My collection of pickled goods has increased dramatically since social distancing restrictions tightened in mid-March. It seems I can't go to the grocery store without picking up another jar of pickled something. One of the most overlooked jarred pickles you'll find on the grocery store shelves are pickled pearl onions.
With two options (sweet and sour, and I much prefer the latter) as well as a low price point to boot, there's no reason why you can't make room for a jar or two in your fridge.
Much like my love of using dill pickle brine in martinis, I will also indulge in a Gibson–the pearl onion equivalent of a dirty martini–from time to time. Outside of using them in this format or as a garnish for a Caesar, here are plenty of ways you can make the most of pickled pearl onions. Here's how.
Akin to the tangy presence of capers in a classic tomato-based sauce like puttanesca, roughly chopped pickled pearl onions can be added to those dishes as well. Try mincing and stirring them into pizza sauce to add another dimension to your homemade pizzas.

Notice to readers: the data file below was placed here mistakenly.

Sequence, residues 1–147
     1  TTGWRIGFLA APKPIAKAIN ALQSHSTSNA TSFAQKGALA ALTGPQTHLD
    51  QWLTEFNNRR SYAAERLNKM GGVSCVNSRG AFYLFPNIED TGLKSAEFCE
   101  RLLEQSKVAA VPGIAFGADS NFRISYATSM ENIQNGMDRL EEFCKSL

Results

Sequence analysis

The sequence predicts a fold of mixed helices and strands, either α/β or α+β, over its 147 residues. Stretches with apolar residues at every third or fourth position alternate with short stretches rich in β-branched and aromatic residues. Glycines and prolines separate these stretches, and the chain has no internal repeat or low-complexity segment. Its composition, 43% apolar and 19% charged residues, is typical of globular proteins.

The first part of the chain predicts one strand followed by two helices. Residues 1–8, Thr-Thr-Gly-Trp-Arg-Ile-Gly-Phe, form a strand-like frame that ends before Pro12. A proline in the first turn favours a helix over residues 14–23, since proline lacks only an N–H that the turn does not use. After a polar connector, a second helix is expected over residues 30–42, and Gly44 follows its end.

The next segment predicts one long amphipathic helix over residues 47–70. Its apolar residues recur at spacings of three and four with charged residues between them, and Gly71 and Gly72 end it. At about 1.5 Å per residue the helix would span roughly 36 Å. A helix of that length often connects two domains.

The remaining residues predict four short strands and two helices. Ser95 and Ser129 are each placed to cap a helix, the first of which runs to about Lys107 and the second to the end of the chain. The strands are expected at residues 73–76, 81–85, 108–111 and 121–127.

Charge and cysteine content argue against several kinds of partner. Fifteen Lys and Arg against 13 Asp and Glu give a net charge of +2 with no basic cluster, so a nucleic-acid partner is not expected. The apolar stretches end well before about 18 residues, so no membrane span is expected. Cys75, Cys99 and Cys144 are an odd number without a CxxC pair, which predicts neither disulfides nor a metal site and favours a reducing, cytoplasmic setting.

Adding to pestos, pistous and gremolatas
The addition of pearl onions to a pesto, pistou or gremolata brightens up everything the sauce is used in, from freshly cooked plain pasta to grilled carrots, pork chops and more.
Having garlic plus pearl onions might be a bit much for some. If that's the case, just swap out two pickled pearl onions for every one garlic clove.
When it comes to braising big cuts of meat like beef brisket or pork shoulder, people don't think to add pickled items (and their pickling liquid) into the mix. Much like adding wine in the slow cooking process, adding a cup or so of pickled pearl onions along with 1/2 cup of the pickle juice adds flavour as well as plenty of acidity.
Once braising is complete, reserve the braising liquid and cook it down to one quarter of its original volume for a sauce that you'll want to spoon onto everything.
Homemade barbecue sauce
Everyone's got a go-to homemade barbecue sauce recipe, but no matter which one you use, it's going to call for some type of vinegar. Instead of adding in a plain white vinegar in your next batch, swap it out for puréed pickled pearl onions, and adjusting the thickness with the pickling liquid. Once the barbecue sauce has cooked through, you'll have a sauce that's a little different than the usual and one which your friends and family can't quite figure out... in a good way.
Many of you already know that nestling potatoes and sliced onions underneath a chicken before roasting will yield an absolutely delicious side dish as the vegetables slow-cook in the chicken's drippings. Tossing some pearl onions in with the vegetables not only adds a bit of flavour, when combined with the drippings, it will make a delicious pan sauce too.